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    Development of knowledge and personal disciplines for managing one's emotional, physical, and spiritual needs in maintaining a prolonged presence in settings of high stress.
     
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    Exercise design, development, and evaluation, Knowledge and skills essential to implementing a Homeland Security Exercise Evaluation Program (HSEEP). Incorporating emergency exercise planning to effectively prepare and respond to disasters, emergencies, and crises of all types and magnitudes. Required design and development of a tabletop exercise to be executed at the end of the semester.
    (Prerequisites: all EMT 3000-level courses)
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    Managing operations during all phases of emergency management with emphasis on the recovery phase. Issues include donation management (finance and resources), managing volunteers, crisis counseling, and basic subsistence needs. Fundamental management methods based on FEMA methodologies.
    (Prerequisites: all EMT 3000-level courses)
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    Hazard mitigation in emergency and disaster management. Properties of hazardous materials, development and implementation of plans and programs required for safe response, and the use of tools and techniques for responses to spills and releases.
     
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    Issues and dilemmas encountered in the international development field: history, concepts and theories of the field; the role of non-profits as global players; urgent development issues in the non-Western world; current dilemmas for action; key actors and institutions who shape the development field; the role of emergency management in international development. EMT4800Capstone (3 credits) 5 weeks Offers an overall view of emergency and disaster management by challenging students to integrate learning from all course work in solving complex emergency and disaster management problems.
     
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    Statistics is the method of conducting a study about a particular topic by collecting, organizing, interpreting, and finally presenting data. This course prepares the student to perform statistical analysis of data sets. Topics include descriptive statistics, probability, sampling distributions, interval estimation, hypothesis testing and regression.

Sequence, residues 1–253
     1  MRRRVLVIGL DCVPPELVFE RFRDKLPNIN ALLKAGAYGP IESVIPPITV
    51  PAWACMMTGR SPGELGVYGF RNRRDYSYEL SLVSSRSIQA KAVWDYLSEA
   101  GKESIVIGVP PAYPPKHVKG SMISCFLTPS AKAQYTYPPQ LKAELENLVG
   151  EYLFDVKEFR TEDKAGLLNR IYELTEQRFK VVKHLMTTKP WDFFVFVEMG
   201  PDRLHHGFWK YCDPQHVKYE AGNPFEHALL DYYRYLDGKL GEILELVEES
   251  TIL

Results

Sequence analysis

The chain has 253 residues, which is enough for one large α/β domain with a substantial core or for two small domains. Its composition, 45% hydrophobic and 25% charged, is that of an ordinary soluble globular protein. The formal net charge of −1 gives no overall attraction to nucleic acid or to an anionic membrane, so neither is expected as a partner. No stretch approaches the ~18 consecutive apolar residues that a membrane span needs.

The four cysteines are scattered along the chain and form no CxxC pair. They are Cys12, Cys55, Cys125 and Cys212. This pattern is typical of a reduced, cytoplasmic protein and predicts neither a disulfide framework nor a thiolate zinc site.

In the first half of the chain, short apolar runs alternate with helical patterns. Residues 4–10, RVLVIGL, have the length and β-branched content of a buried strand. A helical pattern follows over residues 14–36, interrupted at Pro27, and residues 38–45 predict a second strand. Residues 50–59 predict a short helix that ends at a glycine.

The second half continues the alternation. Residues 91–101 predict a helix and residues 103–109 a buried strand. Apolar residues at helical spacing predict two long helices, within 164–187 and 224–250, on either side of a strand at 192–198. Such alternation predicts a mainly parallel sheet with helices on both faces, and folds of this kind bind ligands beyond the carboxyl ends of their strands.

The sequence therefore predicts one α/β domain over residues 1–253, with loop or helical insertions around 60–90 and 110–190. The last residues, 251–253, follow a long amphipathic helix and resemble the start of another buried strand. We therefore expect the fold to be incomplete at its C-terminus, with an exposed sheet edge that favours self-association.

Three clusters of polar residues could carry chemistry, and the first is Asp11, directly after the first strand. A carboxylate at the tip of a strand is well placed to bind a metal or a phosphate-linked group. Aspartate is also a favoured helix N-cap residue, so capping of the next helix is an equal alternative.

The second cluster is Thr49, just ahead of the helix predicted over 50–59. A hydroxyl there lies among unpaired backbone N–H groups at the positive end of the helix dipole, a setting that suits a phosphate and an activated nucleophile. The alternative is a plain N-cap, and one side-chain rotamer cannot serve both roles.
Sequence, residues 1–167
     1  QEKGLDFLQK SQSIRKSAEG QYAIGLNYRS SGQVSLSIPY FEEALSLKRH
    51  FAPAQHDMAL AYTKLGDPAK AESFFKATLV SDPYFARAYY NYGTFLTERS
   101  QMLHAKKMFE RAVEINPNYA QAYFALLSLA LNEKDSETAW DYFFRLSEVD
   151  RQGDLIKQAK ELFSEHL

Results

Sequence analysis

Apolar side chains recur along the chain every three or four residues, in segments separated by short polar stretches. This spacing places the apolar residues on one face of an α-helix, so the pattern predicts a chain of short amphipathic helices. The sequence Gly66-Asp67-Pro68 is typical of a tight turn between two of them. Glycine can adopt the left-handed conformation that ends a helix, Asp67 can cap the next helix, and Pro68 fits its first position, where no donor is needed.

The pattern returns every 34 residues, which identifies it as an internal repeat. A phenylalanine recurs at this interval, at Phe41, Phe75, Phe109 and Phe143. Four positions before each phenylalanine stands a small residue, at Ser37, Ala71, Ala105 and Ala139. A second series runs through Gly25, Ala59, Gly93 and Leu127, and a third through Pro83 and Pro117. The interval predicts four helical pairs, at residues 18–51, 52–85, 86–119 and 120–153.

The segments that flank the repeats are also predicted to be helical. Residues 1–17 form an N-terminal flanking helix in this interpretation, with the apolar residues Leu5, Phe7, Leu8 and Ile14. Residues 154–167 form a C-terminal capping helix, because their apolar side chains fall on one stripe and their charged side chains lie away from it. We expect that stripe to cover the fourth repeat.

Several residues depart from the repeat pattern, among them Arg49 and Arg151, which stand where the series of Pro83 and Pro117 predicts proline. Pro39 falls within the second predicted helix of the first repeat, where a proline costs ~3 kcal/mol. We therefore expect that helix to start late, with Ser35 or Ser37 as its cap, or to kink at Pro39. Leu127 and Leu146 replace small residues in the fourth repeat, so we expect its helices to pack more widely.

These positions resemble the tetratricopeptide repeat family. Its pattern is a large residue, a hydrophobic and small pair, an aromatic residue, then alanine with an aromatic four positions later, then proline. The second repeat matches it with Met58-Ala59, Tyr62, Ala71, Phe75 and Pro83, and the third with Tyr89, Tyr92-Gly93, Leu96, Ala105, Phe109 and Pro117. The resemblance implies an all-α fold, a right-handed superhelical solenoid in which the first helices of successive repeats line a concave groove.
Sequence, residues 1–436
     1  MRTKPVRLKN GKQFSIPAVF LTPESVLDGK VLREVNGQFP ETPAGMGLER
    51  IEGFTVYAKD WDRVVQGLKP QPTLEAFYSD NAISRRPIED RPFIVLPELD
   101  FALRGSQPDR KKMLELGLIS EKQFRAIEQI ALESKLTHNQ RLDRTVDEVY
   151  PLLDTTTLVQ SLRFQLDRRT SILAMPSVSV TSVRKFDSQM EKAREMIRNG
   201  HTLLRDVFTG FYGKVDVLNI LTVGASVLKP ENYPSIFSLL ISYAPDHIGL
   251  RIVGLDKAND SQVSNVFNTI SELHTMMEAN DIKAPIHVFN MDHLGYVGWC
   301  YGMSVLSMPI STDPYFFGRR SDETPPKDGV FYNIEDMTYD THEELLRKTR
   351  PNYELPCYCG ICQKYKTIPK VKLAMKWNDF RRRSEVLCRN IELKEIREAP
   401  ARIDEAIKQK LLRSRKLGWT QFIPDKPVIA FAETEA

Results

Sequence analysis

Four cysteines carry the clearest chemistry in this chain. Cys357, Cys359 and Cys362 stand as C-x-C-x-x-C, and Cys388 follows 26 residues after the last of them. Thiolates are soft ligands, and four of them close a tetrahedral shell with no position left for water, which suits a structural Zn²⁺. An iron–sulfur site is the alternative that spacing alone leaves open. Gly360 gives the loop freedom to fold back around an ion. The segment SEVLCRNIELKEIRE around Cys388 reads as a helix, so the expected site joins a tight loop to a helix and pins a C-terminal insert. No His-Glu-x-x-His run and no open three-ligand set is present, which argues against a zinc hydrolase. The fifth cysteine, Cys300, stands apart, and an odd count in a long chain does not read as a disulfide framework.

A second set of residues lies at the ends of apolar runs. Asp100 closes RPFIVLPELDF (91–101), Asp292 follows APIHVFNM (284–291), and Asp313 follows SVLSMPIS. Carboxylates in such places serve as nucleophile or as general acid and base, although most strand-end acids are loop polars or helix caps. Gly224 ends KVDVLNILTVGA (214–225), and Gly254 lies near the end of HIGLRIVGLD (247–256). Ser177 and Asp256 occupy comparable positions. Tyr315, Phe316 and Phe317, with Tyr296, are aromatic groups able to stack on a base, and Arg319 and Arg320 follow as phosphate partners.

Please choose one of the following:
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    History, methods, and philosophy of terrorism, including extremism as a foundation for terrorist behavior, types of terrorism, and the response to terrorism by government entities and law enforcement agencies. Governmental concerns, preparedness, response, recovery, and mitigation efforts in handling terrorist events.
    (Prerequisites: EMT 2000-level courses)
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    This course provides a study of issues surrounding terrorism and the preventative and responsive nature of the Department of Homeland Security. Threats from domestic and international terrorism will be examined as well as the role of government, organizations, and citizens.
    (Prerequisite: CJU3000)
Please choose one of the following:
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    EMT4800 Emergency and Disaster Management Capstone 3 Credits
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    Placement in an area of the world that has been affected by a disaster, either foreign or domestic. This 90-hour internship includes all phases of emergency management: preparedness, response, recovery and mitigation. Students gain valuable experience and apply knowledge gained in course work. To enroll for the course, students must complete the internship package provided by the Director, Emergency and Disaster Management. Students are responsible to arrange the internship.
     

Total120 Credit Hours